Bills against distracted driving brought to start Ariz. legislative sessionPosted: Updated:
PHOENIX -- It looks like 2012 is the year to tackle distracted driving. Just one week into the legislative session, state lawmakers are already making it their mission to put the brakes on texting while behind the wheel.
State Sen. John McComish sponsored a bill that would ban cell phones in the car for the first six months that a teen has his or her license. He's one of four legislators calling for action, and he thinks it's smart to start with teens.
"Teens are talking on the phone; they're texting and they're new drivers," McComish said. "They need to learn to concentrate on the road ahead."
This is not the first time the issue of texting while driving has come up, but previous bills that address distracted driving, including texting, have failed to gain traction.
A nationwide study on distracted driving from AAA shows that 64 percent of teens answer phone calls, 52 percent make phone calls and 44 percent read text messages -- all while driving.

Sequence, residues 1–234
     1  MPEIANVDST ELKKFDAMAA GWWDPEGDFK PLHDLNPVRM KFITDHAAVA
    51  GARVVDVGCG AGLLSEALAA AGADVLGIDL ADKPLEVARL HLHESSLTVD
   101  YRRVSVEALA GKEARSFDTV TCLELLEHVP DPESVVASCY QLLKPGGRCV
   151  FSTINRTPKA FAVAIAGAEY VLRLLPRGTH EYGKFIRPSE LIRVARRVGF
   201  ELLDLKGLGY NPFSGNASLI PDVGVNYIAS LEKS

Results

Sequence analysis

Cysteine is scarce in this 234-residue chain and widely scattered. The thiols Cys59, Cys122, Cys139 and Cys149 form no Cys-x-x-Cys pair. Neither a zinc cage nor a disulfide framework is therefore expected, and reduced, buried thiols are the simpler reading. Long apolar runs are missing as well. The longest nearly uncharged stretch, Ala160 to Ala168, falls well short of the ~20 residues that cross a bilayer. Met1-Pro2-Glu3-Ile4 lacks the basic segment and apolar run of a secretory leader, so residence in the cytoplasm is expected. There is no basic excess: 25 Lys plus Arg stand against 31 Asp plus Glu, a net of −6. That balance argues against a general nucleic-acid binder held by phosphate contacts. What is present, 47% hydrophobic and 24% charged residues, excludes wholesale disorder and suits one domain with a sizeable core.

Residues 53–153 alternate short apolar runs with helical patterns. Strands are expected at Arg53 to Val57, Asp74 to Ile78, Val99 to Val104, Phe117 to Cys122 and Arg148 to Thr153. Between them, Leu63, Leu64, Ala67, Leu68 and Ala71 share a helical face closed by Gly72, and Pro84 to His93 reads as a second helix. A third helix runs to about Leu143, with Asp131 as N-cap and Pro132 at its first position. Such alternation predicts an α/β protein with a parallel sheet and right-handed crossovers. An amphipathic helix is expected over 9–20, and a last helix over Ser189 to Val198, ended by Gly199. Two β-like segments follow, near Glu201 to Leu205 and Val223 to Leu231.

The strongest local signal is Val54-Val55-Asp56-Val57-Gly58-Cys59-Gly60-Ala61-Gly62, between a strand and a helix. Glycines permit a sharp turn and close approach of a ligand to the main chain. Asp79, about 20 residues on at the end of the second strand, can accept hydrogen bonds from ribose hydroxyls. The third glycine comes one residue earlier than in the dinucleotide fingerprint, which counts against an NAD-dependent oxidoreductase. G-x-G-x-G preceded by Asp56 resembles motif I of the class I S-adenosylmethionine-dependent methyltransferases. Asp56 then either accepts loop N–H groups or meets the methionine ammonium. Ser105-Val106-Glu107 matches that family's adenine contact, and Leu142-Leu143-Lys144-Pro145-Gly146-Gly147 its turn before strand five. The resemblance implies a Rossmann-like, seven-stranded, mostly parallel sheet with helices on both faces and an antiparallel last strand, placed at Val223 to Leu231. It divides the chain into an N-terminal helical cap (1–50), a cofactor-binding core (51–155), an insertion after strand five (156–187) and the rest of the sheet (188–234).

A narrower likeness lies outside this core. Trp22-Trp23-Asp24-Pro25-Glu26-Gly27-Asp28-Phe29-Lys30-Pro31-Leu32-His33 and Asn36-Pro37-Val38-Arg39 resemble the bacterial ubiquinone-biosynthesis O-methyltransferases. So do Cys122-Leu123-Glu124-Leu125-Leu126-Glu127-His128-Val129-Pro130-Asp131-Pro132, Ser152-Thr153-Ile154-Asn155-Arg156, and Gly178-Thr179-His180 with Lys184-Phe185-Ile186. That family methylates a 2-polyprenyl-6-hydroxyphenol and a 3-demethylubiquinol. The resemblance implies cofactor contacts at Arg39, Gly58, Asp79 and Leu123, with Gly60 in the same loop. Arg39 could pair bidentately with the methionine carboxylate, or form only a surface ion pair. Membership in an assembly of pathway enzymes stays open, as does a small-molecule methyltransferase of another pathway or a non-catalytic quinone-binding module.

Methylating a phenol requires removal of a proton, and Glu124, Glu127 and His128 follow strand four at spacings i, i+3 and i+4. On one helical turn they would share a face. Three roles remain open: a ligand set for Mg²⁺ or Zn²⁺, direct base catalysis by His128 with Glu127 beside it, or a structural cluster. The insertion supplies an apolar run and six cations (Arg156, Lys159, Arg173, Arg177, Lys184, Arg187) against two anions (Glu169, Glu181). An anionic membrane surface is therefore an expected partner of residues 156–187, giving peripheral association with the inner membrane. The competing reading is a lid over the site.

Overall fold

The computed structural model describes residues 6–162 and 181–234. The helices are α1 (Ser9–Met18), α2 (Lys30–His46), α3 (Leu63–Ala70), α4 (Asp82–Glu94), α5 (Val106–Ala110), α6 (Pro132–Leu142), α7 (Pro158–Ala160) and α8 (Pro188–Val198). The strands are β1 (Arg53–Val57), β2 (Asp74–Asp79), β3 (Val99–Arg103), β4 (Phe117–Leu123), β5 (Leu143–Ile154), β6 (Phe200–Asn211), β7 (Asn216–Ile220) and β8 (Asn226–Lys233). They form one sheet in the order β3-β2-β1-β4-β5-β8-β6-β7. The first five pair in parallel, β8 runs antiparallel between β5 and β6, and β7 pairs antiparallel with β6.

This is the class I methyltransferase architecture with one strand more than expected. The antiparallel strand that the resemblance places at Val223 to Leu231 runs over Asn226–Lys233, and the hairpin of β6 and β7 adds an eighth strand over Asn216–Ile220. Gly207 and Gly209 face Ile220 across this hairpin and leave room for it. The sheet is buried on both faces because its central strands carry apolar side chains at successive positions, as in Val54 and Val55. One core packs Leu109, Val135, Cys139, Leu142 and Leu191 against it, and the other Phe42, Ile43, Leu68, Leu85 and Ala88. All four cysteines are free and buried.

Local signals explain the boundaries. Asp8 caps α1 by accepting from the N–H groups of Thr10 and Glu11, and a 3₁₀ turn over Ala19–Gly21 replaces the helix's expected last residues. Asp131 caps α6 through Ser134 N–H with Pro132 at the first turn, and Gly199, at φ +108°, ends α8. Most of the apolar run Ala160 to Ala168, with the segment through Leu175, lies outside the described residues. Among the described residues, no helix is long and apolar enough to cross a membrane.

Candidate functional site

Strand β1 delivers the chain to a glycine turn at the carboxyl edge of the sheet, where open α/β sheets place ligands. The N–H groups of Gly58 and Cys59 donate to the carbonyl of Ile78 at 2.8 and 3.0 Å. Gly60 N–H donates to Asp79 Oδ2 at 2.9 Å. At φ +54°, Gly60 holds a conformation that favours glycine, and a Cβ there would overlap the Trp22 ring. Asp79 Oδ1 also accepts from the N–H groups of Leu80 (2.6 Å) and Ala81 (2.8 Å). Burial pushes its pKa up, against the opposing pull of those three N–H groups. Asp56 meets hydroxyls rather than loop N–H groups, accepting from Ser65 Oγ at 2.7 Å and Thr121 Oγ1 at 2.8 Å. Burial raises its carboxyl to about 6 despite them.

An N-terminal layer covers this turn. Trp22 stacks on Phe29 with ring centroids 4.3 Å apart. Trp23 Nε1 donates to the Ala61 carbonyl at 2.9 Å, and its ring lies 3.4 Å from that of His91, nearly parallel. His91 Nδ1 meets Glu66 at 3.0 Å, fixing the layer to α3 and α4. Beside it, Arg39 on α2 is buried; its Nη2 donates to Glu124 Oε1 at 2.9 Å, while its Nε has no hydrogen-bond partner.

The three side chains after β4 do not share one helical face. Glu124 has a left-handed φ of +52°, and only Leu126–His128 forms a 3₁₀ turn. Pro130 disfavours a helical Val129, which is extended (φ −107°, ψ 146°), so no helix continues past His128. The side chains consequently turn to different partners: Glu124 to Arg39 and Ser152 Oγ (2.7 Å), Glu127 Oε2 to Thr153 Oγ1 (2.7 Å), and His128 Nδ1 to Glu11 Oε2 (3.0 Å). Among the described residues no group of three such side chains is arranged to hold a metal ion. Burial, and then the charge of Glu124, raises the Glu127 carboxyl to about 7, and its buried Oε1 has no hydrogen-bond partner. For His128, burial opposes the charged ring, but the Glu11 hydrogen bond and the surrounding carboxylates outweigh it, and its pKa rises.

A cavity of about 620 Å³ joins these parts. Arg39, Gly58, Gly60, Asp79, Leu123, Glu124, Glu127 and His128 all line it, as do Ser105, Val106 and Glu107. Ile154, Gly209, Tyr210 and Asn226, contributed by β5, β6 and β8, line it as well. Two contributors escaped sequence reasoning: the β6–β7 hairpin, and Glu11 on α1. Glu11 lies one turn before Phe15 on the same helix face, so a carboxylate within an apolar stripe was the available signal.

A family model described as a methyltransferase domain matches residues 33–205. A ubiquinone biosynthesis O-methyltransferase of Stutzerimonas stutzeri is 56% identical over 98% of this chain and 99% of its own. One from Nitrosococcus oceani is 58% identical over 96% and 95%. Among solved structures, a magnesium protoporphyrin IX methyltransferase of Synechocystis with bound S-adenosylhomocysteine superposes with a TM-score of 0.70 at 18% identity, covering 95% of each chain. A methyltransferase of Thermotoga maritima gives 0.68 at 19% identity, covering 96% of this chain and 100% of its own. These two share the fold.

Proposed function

Simulators at driving schools show just how dangerous texting while driving can be. While students might think they can do more than just drive, the simulated road tests prove otherwise. Cell phone in hand, most students crash within minutes.
"I don't know when our vehicles became our entertainment centers, when they became our offices," said Maria Rich Wojtczak of Scottsdale driving school Driving MBA.
Wojtczak believes driving simulators can make a difference, especially when combined with strong law and some common sense.
"The legislation certainly can help, but we as citizens have to think about the danger we're not only putting ourselves in but other people on the road," she said.
McComish's bill is set to be heard by the Senate Public Safety Committee Wednesday. AAA says if Arizona passes the bill banning cell phone use for brand-new drivers, it will join 30 other states and the District of Columbia in doing so.